Maybe I don’t have a good enough grip on what it means to “prosper.” Maybe God is prospering me in ways I can’t see, can’t even imagine.
I like that “Maybe” better.
For all that I don’t know—which is plenty—there is one thing I do know.
I wanna be a tree.
But his delight is in the law of the Lord, and on his law he meditates day and night. (Psalm 1:2).
Do you delight in God’s word?
No guilt here—it’s an honest question.
Actually, I ask the same question of myself. I mean, I read his word, I study his word, on occasion I even commit his word to memory…but do I delight in it? Do I meditate on it?
Do I even really know what that looks like?
I know I’d like to.
I know that biblical meditation is different from what they’ll teach you at yoga class—and what are you doing at yoga class, anyway? They’ll teach you to empty your mind, and allow the void to be filled by narcissism and demons. OK, they probably won’t say it that way, but that’s what it amounts to. Biblical meditation is about filling your mind with Scripture, sort of letting a particular verse roll around in your head. You pray that God would illuminate the passage for you, and help you to see what he wants you to see in it.
Let’s experiment today. Pick a passage of Scripture—it could be this passage, or yesterday’s, or just your favorite verse—and ask God to help you meditate on it. Ask him to help you delight in it. Let it roll around your head today, and see what he has to show you. Then come back and share the experience with us.
C’mon, trust me—it’ll be fun.
Blessed is the man who does not walk in the council of the wicked, or stand in the way of sinners, or sit in the seat of mockers. (Psalm 1:1)
Who do you listen to? Not on Sunday, but on Monday, Tuesday, and the rest.
I like to listen to talk radio. I enjoy the news analysis and commentary, but I have to keep one thing in mind—these are not Christian shows. The hosts are not coming from a Christian perspective. Even though we may agree on many issues, we are fundamentally at odds.
Again I ask: who do you listen to? Are you following the teaching of the Word, or of the world? Are you seeking to imitate Jesus, or celebrities? Are you fellowshipping with Godly believers, or the lost?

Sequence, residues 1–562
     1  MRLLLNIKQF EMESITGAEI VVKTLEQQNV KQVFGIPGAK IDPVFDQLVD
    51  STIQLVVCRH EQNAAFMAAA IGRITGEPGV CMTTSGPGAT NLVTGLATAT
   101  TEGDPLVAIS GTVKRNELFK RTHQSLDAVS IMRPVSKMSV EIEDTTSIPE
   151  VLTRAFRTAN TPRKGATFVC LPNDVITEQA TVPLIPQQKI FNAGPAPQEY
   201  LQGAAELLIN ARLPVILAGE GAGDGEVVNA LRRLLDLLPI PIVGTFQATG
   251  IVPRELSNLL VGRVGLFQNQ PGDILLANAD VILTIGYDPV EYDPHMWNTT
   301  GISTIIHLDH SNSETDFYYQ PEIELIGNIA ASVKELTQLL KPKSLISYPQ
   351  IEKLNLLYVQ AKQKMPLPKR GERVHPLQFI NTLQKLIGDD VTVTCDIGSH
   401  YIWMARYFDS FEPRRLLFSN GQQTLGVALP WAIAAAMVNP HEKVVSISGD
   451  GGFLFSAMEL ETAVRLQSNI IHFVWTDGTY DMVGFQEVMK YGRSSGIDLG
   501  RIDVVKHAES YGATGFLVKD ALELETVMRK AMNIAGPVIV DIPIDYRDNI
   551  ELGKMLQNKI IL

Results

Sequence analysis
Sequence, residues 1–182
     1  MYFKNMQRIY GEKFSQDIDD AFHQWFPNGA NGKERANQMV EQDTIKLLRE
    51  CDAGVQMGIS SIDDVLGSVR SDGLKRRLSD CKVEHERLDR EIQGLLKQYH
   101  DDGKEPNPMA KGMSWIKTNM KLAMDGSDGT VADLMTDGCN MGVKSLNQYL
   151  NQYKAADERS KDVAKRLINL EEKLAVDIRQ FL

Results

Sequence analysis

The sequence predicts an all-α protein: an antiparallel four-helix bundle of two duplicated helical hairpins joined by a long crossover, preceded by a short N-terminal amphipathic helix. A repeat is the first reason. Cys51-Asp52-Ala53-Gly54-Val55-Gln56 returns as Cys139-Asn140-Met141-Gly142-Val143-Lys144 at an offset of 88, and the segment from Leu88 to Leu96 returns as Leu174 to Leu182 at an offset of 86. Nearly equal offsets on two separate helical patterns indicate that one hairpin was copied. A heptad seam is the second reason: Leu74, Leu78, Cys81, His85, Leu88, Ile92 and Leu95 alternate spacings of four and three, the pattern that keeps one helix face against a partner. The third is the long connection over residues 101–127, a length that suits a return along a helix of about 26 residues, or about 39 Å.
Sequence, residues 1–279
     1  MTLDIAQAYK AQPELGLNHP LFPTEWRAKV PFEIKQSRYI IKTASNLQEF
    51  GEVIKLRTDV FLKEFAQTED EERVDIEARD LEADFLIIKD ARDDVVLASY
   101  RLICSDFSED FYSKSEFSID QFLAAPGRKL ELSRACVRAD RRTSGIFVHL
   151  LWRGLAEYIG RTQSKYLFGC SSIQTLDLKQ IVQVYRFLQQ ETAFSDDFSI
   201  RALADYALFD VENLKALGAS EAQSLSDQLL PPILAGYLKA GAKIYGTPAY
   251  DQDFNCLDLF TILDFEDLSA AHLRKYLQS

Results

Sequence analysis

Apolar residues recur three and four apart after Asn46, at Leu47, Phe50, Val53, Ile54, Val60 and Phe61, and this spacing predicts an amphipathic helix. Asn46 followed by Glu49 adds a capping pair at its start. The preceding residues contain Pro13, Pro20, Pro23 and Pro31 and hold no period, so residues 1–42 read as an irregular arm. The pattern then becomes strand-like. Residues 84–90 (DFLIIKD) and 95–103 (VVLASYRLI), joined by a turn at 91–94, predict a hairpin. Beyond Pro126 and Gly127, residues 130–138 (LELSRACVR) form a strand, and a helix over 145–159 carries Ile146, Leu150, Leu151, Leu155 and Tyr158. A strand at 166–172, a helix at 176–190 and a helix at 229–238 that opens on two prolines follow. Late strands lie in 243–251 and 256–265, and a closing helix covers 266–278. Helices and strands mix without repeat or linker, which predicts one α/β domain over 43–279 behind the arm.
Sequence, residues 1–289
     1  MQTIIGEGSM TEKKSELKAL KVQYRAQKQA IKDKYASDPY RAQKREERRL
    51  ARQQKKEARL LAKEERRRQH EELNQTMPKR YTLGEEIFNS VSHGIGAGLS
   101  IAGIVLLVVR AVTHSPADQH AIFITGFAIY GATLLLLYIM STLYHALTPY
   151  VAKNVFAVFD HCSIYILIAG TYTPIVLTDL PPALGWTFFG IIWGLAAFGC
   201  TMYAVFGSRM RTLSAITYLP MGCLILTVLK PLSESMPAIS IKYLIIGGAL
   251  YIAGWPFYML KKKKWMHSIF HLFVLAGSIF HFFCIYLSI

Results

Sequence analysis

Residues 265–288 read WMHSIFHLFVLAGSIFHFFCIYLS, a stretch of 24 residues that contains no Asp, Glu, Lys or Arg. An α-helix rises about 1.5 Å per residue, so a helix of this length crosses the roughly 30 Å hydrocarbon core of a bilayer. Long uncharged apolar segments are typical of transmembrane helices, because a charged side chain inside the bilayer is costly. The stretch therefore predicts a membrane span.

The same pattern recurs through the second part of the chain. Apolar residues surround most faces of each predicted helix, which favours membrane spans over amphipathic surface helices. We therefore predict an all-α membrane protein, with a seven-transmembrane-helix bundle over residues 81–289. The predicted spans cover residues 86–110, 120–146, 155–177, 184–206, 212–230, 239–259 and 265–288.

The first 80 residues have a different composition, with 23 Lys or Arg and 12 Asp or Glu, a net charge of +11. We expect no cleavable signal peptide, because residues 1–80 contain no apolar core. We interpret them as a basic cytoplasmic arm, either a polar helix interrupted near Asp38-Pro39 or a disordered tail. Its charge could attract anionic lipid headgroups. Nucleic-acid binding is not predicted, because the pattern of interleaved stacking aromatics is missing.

The people who surround you, the communion you immerse yourself in, will have a profound impact upon your thought life. So step back today and take a look at who that is. If you need to make some changes, do so.
Mondays are a great time for fresh starts.
The end of the world came last week. Again.
It was a disappointment. Again.
Not as disappointing as, say, the Mayan Calendar thing. Not nearly as unsatisfying as Y2K. Nowhere near the level of the promised Zombie Apocalypse that just never seems to arrive.
Still, I’m left feeling a certain sense of betrayal. Continue reading
…and the sword of the Spirit, which is the word of God. (Ephesians 6:17b)
You know the power of words. You’ve felt it. Words can bruise, they can cut, they can crush, they can soothe, they can comfort, they can heal.
And those are just human words.
The word of God is infinitely more powerful. It goes far beyond emotional impact; it reaches deep into the spiritual realms. So it shouldn’t be surprising that the Word is our primary weapon against the enemy. After all, what did Jesus use to defend himself from Satan’s temptations? Did he blast Satan to powder? No.
But wouldn’t that have been cool?
Jesus used Scripture to defeat his enemy. Why? Perhaps because that is a weapon we can use as well. You probably can’t command the powers of Heaven and Earth the way the Son of God can—in fact, I’m pretty sure of it—but you can use Scripture. Maybe you don’t have the advantage of having written it, but you can still read it, and learn it, and memorize it, and use it to back your enemy off when he attacks.
How good is your sword arm? How much drill have you put in this week?
Maybe it’s time to practice.
The battle awaits.
Take the helmet of salvation… (Ephesians 6:17a)
When I was a kid, you didn’t have to wear a helmet. Bicycle, motorcycle, pogo stick—you were free to ride with the wind in your hair and the bugs in your teeth. It was wild and free and deadly.
To ride without a helmet is to ask for brain damage.
Paul speaks of the helmet of salvation. He’s talking about the knowledge of who you are in Christ, and the price that has been paid for you. That knowledge can protect you in the heat of battle. You see, that enemy of yours likes to mess with your head. He likes to get into your thought life and plant false ideas about who you are and what your value is. He’ll tell you that you’re not good enough, not strong enough, not worthy of a life in Christ.
All of which is true.
The helmet doesn’t block those ideas, but it filters them through the knowledge of your salvation. You can answer, “You aren’t worthy,” with, “Of course not…but Jesus is.” You can answer, “Look at all you owe,” with, “Look at what He paid.”
To walk this world without the helmet is to ask for soul damage.
Strap it on, cinch it tight, and go face your Thursday.